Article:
Philip Morris International Inc. responds to Human Rights Watch report, ‘Tobacco’s Hidden Children’

  Philip Morris International Inc. responds to Human Rights Watch report,
  ‘Tobacco’s Hidden Children’

Business Wire

LAUSANNE, Switzerland -- May 14, 2014

Philip Morris International Inc. (PMI) (NYSE/Euronext Paris: PM) welcomes
today’s release of the Human Rights Watch (HRW) report, ‘Tobacco’s Hidden
Children,’ which sheds light on child labor and other labor abuses on tobacco
farms in Virginia, North Carolina, Kentucky and Tennessee.

“This report uncovers serious child labor abuses that should not occur on any
farm, anywhere. Human Rights Watch acknowledges the work PMI has done to
address these issues through our Agricultural Labor Practices (ALP) global
program to reach nearly half a million smallholder farmers. However more work
remains to be done to eliminate child and other labor abuses in tobacco
growing,” said Chief Executive Officer André Calantzopoulos. “We are grateful
to Human Rights Watch for bringing these issues to light, recognizing the
steps we have made to constructively engaging with others to find real and
lasting solutions.”

PMI has engaged in an ongoing dialogue with HRW about the company’s efforts to
address labor abuses in its supply chain and today’s report includes the
following description of PMI’s efforts in this area:

“Of the companies approached by Human Rights Watch, Philip Morris
International (PMI) has developed the most detailed and protective set of
policies and procedures, including training and policy guidance on child labor
and other labor issues which it is implementing in its global supply chain.
PMI has also developed specific lists of hazardous tasks that children under
18 are prohibited from doing on tobacco farms, which include most tasks in
which children come into prolonged contact with mature tobacco leaves, among
other hazardous work.”

In addition, HRW notes that,  “PMI provided extensive detail about
implementation of other aspects of the ALP in the US and globally. PMI also
shared with Human Rights Watch details about its monitoring of growers’
adherence to the ALP in the US and globally, including plans to systematically
monitor 100 percent of its farms in the US by 2015.”

In addition to identifying a number of labor abuses found in the United
States, HRW’s report also includes recommendations to the U.S. government and
others on how to address these abuses. This includes recommendations to the
industry which are broadly in line with PMI’s existing global program and
practices, developed with the guidance and support of internationally-renowned
and leading NGO in the field of social responsibility, Verité.

Verité’s CEO, Dan Viederman said, “Human Rights Watch’s detailed report
confirms that child labor and other labor abuses persist – and indeed are
common -- in the production of agricultural goods in the United States. These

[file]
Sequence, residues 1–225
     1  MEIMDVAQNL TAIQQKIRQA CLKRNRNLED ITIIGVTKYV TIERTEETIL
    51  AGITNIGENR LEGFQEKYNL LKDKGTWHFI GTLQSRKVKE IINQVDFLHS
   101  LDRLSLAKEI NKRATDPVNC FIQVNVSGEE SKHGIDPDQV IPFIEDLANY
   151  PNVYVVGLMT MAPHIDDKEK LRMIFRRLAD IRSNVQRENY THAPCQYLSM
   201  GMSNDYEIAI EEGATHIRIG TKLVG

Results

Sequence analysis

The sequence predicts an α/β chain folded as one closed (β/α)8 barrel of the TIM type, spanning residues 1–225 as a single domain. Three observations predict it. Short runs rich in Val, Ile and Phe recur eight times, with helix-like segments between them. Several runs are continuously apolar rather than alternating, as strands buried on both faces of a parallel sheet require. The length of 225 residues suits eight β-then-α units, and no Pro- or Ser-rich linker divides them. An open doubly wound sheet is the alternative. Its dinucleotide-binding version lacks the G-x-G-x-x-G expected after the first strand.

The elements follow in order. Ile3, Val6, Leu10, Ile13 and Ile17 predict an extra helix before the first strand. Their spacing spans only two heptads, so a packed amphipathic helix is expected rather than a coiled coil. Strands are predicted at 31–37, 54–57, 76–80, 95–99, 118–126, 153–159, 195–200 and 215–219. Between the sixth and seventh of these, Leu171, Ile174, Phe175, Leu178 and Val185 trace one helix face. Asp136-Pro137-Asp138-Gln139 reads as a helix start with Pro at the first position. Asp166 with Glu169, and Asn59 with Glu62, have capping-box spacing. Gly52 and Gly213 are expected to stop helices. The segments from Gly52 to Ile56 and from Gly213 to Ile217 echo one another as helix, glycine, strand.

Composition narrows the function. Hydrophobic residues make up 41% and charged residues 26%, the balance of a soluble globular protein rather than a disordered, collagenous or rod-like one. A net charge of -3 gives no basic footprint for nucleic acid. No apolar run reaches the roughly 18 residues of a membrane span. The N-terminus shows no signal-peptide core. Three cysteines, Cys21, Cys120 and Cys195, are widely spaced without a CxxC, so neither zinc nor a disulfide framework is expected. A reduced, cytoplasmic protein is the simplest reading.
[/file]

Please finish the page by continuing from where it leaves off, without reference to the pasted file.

risks are born most directly by farmworkers and their families, including
children whose labor is in no one’s interest. HRW’s comparison of the efforts
by the range of corporate buyers of US-grown tobacco demonstrates that most
companies have a long way to go even to admit they have responsibility for
working conditions in US farms. In contrast, PMI, with which Verité has worked
over several years, has stepped up to its responsibility and has developed and
implemented a comprehensive program. While that program hasn’t yet solved the
deep challenges of fair and safe work in tobacco, it is systematically
applied, rigorously evaluated and substantially resourced."

PMI’s commitment in this area includes continued support and active
participation in a multi-lateral initiative (the Farm Labor Practices Group -
FLPG), an effort that involves the U.S. Government, NGOs, farmer and worker
representatives as well as tobacco buyers. PMI invited HRW to present the
preliminary findings of their report to the FLPG earlier this year and as a
result, a dedicated working group on child labor has been created to discuss
HRW’s recommendations and explore opportunities for a common approach.

Written correspondence between PMI and HRW about the issues raised in today’s
report can be found under ‘Related downloads’ on our website here.

/Ends/

NOTE TO THE EDITOR:

PMI developed a comprehensive global program (our Agricultural Labor Practices
Program) through a strategic partnership with an internationally-renowned
leading NGO in the field of social responsibility, Verité. With this program,
we have set strict standards, trained nearly 4,000 PMI and supplier staff to
move forward with its implementation and today are reaching close to half a
million farmers worldwide. We are training, monitoring and, most importantly,
supporting farmers to adopt better and safer practices on tobacco farms. In
2013 alone, we have invested nearly 30 million USD to improve labor conditions
in our supply chain and improve the livelihoods of tobacco growing
communities.

PMI is fully transparent about the rollout of its global ALP program and
detailed information about our progress worldwide can be found here.

Philip Morris International Inc.

Philip Morris International Inc. (PMI) is the leading international tobacco
company, with seven of the world’s top 15 international brands, including
Marlboro, the number one cigarette brand worldwide. PMI’s products are sold in
more than 180 markets. In 2013, the company held an estimated 15.7% share of
the total international cigarette market outside of the U.S., or 28.2%
excluding the People’s Republic of China and the U.S. For more information,
see www.pmi.com.

Contact:

Media enquiries
Philip Morris International media office
T: +41 (0)58 242 4500
E: media@pmi.com
 
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